With more practice, you can start to experiment with different bike gears in various circumstances. For example, it is often best to use the small or middle chainring on the front spoke and bigger cogs on the rear when riding uphill or into a headwind. On downhill routes, using the bigger chainring up front with smaller cogs in the back may be your best option. And finally, when riding mainly on flat terrain sticking to either the middle or big chainrings while utilizing a range of cogs in the rear will likely serve you well.
In addition, you want to avoid cross-chaining, which is when the chain is at a very severe slant in either the large ring up front and the biggest cog in back, or the small ring up front and the small cog in back. This not only causes undue stress on machine parts, but it also limits your options should you need to shift gears again. Sometimes, you’ll even hear a noise resulting from cross-chaining.
Common types of shifters
Shifters with a big lever on the left are most frequently seen on mountain bicycles. The larger lever (furthest from you in the picture above) is generally pushed with your thumb to downshift. Simply push the smaller lever with your thumb when ready to upshift.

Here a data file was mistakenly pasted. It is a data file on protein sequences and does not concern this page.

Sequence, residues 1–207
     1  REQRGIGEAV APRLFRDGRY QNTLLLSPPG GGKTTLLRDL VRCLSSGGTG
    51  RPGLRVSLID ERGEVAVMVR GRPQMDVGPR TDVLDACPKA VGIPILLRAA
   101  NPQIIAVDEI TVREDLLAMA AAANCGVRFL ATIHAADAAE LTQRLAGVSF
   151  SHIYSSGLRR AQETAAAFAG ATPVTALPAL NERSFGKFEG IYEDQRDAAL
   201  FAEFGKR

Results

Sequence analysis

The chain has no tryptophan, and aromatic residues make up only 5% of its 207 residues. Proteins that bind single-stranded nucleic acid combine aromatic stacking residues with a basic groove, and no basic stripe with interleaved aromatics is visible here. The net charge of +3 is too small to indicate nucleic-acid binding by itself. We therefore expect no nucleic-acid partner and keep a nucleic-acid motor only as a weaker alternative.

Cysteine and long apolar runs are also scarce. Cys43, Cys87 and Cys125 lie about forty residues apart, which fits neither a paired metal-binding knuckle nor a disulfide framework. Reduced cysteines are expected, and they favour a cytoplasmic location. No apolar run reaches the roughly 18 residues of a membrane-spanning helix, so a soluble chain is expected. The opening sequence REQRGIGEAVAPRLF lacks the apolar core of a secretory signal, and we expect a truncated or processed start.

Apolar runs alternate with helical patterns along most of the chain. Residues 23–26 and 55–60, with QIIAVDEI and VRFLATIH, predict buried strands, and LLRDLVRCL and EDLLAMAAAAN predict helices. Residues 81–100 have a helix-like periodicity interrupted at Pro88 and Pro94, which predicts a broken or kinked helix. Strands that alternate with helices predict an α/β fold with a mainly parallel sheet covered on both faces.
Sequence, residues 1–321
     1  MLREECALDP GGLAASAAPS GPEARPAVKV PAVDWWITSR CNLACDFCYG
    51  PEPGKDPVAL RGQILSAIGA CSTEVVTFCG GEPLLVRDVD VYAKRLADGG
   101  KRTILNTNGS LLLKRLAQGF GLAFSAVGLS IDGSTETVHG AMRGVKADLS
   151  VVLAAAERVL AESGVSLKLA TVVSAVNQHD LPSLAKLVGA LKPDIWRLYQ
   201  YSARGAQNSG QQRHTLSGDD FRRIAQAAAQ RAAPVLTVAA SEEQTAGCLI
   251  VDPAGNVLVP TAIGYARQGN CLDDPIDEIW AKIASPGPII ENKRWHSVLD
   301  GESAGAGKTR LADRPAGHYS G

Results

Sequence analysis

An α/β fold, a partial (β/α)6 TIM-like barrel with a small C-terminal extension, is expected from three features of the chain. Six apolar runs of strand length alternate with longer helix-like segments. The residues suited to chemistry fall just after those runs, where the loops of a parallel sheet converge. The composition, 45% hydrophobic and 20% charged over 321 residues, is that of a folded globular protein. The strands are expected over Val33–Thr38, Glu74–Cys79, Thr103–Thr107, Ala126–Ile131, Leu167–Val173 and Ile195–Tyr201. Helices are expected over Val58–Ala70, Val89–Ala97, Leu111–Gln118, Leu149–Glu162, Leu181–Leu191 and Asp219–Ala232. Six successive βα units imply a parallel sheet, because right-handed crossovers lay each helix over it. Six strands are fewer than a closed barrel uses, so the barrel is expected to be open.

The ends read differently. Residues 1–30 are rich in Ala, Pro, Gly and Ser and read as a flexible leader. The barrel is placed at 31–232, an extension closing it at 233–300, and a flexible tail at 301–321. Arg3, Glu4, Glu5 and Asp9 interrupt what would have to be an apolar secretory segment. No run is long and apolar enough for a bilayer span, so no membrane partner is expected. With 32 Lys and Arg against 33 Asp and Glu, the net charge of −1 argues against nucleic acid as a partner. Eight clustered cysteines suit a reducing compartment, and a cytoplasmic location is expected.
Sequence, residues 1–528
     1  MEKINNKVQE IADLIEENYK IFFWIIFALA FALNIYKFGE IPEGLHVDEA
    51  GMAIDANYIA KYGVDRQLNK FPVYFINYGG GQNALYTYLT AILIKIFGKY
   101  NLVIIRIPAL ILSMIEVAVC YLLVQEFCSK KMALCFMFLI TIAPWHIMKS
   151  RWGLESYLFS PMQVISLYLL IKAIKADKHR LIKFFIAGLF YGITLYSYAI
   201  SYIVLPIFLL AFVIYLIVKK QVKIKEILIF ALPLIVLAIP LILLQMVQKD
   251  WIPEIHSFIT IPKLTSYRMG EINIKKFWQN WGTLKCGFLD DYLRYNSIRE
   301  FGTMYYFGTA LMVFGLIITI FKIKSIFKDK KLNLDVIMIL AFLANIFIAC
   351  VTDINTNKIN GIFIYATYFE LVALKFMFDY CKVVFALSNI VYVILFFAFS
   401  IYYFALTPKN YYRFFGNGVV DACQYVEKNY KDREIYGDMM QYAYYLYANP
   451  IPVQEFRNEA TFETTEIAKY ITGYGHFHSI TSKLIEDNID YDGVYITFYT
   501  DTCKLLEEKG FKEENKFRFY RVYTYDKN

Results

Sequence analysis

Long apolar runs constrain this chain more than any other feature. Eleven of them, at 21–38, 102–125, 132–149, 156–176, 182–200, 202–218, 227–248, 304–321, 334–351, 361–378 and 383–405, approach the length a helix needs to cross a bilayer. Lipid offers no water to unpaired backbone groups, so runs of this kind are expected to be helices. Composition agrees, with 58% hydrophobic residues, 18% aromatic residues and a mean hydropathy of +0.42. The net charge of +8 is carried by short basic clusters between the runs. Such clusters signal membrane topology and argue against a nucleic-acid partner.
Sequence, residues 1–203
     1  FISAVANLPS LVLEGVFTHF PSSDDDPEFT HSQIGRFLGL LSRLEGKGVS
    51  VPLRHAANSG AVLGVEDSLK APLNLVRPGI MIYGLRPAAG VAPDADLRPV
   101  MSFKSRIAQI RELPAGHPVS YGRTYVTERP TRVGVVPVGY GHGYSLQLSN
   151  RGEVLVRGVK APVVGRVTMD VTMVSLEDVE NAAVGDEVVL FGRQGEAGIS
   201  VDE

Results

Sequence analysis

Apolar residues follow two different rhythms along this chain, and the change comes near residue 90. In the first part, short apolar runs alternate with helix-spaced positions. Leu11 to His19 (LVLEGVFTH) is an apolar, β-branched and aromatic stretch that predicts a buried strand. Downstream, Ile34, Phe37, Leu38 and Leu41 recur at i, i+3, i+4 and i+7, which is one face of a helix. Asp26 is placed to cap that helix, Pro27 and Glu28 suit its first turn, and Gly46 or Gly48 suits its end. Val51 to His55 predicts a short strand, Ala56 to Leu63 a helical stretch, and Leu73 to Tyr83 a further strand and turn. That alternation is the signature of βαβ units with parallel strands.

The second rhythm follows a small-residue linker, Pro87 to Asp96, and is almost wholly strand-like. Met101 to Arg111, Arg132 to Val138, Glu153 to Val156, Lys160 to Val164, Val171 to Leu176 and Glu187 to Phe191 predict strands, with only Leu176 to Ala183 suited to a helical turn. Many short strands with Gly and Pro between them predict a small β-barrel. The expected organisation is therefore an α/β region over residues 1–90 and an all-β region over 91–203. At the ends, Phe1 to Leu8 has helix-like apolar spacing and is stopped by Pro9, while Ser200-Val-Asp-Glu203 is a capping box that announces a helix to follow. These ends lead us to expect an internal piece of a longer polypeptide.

The thumb shifter, sometimes found on hybrid or fitness bicycles, is another form. To downshift, you simply press the thumb lever like a regular thumb shift. To upshift, you use your finger to push the longer upshifting lever.
The SRAM brand produces a line of unique twist shifters, which they have appropriately named Grip Shift. Unlike traditional handlebar shifters, you control the grip shift by twisting it towards or away from you. For example, if you need to downshift while approaching a hill, simply rotate the grip shift away from you. Because they are much more compact than other types of shifters, twist shifters don’t take up too much valuable space on your handlebars!
Integrated Shifter + Brake Lever
Road bikes typically have handlebars that curve forward and then down and back, with brake levers mounted to the downward curves. The tops of the brake levers are typically used to rest your hands while riding, and behind the brake levers are the gear shifters. Brake levers are pulled straight back to actuate brakes, whereas gear shifters are pushed sideways to change gears. This streamlined layout adds to aerodynamics and can increase biking speed.
That’s all the information we can provide to you for the question of how to shift bicycle gears.
How to fix your chain if you drop it?
Cross-chaining can cause your chain to fall off the chainring, a dropped chain. This typically happens when shifting gears between the big and small ring in the front or when you shift under too much pressure. When you’re riding up a climb and the resistance is strong that you can hardly turn pedals, it’s time to downshift before continuing climbing. If shifting is necessary while climbing, ease off the pace for moment, cleanly shift gears, and then keep powering on slowly.